A Good Guide, Part 2
AQHA Professional Horsewoman Lynn Palm offers exercises to help improve your horse-training skills by using your reins effectively.
April 1, 2013
From America's Horse
Editor’s Note: This is the final installment in a two-part series focusing on improving your ability to guide your horse. Need to review Part 1?
AQHA Professional Horsewoman, trainer and clinician Lynn Palm likes to use two exercises to help gain control of a horse’s body parts. This is the second exercise in the series, meant to improve the quality of turns with your horse.
Create a “slalom” course of six cones. Setting them up closer together will increase difficulty, so begin with them spaced about 20 feet apart. You want six cones total, three in two separate lines about 20 feet apart.
The ultimate goal is to learn to use your reins without pulling while riding around the cones in a serpentine, concentrating on the quality of the turns.
This exercise should only be done at a walk and trot. Be sure to make wide turns around the cones. Your goal is to keep the same rhythm; if the horse changes his rhythm, you’re pulling. Be sure to look ahead with your eyes to plan your route.
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Begin the exercise riding two-handed. As you approach the first cone, turn your hand
as if you were turning a key to unlock a door. The hand and rein should move sideways, out from the horse. The thumb should move toward the direction of the turn, the palm of the hand should come up, and the elbow should come in. Our instinct is to pull back with our hand toward, the body, and that is not correct. If your knuckles are on the top of your hand position, you are pulling. Your outside rein should move similarly and lay a bit of rein across the neck. The horse yields from this rein and turns. Your hand still moves like turning a key to open a door, and moves sideways without crossing the middle of the horse’s neck. Use your legs to keep the horse marching forward while you turn.
When you do it correctly, the horse should tip his nose to the inside and flow around the cone without changing speed of rhythm. Once you’ve mastered the turn, you can cease exaggerating and make your cues more subtle.
If your horse breaks rhythm by slowing down or speeding up, check to see if you’re pulling backward. If his nose is tipping to the outside, make sure you’re not pulling hard with your outside rein, forcing his head to come out. Do internal checks to make sure you’re moving your hand and body properly to execute the correct turn.
Collection: An Exercise to Try
One of the great mysteries of horsemanship is collection – the body position a horse adopts to perform at its maximum level of athletic ability. For most people, it’s an “I know it when I see it” concept. Lynn recommends this exercise to give you insight on how a horse works – and how it does and does not collect.
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a beach towel on the floor to keep yourself clean and kneel on it. Place your knees directly under your hips with your hands on the ground, directly under your shoulders. Hold your head normally, looking forward. This is a balanced position of self-carriage for a horse. Notice there’s more weight on your hands (forehand of the horse) than on your knees (the hind legs of the horse), due to the weight of your head and neck. Lift your upper body, as if you were a horse departing from a lope. Feel the effort it takes to lift yourself up. A horse naturally has to lift the forehand, as the hind legs propel him forward into the lope.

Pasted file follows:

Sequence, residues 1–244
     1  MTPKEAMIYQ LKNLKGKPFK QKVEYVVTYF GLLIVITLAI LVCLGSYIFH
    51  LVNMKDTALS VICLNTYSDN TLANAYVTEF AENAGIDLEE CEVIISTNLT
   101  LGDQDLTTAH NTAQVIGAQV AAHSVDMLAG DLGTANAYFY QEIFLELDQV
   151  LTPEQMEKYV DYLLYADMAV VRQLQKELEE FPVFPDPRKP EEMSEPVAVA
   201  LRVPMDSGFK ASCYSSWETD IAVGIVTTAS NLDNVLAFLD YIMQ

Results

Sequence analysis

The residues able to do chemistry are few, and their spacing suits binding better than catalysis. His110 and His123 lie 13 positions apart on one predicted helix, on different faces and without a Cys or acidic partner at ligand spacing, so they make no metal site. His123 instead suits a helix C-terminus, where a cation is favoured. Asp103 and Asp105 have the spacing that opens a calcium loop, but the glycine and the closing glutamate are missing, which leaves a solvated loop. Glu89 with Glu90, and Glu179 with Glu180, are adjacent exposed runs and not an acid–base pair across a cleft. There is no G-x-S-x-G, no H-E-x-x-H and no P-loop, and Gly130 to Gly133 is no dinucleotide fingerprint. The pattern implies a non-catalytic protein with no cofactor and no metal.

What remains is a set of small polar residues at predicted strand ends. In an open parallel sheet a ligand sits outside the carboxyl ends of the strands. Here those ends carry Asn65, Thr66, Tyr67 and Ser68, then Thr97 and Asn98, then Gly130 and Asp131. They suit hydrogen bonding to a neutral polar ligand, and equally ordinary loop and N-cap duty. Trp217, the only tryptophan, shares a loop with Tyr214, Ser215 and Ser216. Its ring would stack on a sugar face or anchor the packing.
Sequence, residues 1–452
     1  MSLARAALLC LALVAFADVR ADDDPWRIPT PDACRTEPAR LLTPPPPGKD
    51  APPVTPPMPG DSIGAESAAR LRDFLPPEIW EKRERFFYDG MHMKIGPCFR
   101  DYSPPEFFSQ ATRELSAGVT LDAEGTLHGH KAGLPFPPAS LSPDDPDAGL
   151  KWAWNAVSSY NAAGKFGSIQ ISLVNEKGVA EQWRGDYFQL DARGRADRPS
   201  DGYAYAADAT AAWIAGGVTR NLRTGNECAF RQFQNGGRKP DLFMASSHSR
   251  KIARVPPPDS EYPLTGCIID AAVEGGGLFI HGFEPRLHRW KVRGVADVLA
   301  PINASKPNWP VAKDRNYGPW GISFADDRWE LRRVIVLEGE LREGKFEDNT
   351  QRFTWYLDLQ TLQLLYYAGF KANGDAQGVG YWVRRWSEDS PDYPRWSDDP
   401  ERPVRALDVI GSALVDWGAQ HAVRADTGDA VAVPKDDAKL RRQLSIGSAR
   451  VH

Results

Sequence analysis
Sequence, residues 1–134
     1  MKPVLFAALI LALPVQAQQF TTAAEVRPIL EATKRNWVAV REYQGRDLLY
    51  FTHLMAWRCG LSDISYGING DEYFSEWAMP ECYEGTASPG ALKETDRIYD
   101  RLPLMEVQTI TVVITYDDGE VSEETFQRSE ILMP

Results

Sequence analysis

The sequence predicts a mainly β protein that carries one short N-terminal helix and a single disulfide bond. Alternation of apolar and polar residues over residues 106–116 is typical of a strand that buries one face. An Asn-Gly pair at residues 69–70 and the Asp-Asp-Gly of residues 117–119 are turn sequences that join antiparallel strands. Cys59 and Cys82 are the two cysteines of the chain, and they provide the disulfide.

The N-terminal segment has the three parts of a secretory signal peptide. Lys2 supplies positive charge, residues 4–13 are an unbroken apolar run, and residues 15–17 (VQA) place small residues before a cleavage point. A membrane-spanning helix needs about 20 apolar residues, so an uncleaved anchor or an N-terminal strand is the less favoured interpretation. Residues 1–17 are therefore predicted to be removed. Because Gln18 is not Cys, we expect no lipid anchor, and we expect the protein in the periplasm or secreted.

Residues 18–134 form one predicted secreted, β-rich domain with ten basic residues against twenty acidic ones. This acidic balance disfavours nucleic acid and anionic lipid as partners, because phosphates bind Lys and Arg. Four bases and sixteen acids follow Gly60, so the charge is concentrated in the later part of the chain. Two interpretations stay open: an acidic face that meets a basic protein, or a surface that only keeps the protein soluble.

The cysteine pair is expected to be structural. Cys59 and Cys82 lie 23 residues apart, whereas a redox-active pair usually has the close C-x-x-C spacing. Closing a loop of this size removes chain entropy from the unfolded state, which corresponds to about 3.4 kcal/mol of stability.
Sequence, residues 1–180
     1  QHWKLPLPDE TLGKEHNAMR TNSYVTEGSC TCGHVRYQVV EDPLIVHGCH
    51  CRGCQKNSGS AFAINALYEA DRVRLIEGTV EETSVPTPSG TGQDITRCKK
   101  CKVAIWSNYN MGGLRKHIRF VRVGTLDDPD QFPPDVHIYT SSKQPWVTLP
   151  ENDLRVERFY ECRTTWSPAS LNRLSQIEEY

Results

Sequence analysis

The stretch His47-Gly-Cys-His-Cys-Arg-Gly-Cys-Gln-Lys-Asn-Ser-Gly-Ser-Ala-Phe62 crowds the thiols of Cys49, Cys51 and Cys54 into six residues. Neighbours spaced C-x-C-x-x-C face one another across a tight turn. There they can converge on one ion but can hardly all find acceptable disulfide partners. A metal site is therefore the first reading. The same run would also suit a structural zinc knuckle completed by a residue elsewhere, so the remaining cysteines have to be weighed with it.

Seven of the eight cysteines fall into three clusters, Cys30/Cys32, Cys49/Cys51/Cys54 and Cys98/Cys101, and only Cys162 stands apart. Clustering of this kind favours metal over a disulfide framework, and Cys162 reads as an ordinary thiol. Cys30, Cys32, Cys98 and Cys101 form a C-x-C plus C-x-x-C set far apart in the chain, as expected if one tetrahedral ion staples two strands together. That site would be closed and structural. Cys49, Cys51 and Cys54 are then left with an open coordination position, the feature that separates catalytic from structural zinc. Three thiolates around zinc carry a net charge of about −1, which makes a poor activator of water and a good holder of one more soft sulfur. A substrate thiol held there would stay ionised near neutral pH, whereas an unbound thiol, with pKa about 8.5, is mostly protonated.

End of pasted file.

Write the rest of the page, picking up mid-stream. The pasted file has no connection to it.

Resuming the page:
“(A horse) can do that easily,” observes Lynn.
Next, move your knees up under your body and round your back.
This simulates a horse that is collected – the hindquarters lower, and more weight goes to the hind legs (feel this in your knees). The forehand lightens as the horse rounds his spine. In this advanced position, a horse can do advanced transitions from stop to run, lead changes with every stride, jumping, turning a barrel or doing a sliding stop. Looking straight ahead, lift your front end as if you were loping off. Feel how much easier it is to get your front end
off the ground.
“When the horse rounds and collects correctly, the hind legs engage farther underneath him and allow less weight on the front legs,” Lynn says. “You can get more activity, and it enables you to do more advanced maneuvers.”
Finally, drop your head so that it hangs down from your shoulders (note the increased weight on your hands), and move your knees back so they’re positioned behind your hips. This is an example of a horse that has been pushed into a low headset. With the head lower than his topline, the horse can not engage the hind legs. It forces his legs farther out behind him to accommodate his balance. There’s now more weight in the front end than the hind end, commonly referred as to “on the forehand” or “downhill balance.” Now attempt to lift your upper body to lope off. There’s more weight and more effort on the front end, which means the horse is going to have difficulty doing athletic things.
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“Feel how hard it is to get the front end up to lope off,” Lynn says. “If the rider sends him forward then pulls and sets the head, the horse keeps it down to avoid pain in the mouth. It forces more weight on the front, and the horse can’t do so. It can become a vicious circle if the rider has to use more aid to get the horse to do the maneuver and instilling forceful aids. The anatomy of the horse allows collection one way, and that is in an uphill balance. A horse will set his head and break at the poll naturally if a rider flexes the head correctly without bending the neck. If a horse is balanced, he is happy and will respond with lightness, relaxation and willingness.”
Are you looking to learn more from Lynn Palm? Here's a short video of Lynn explaining the basics of dressage.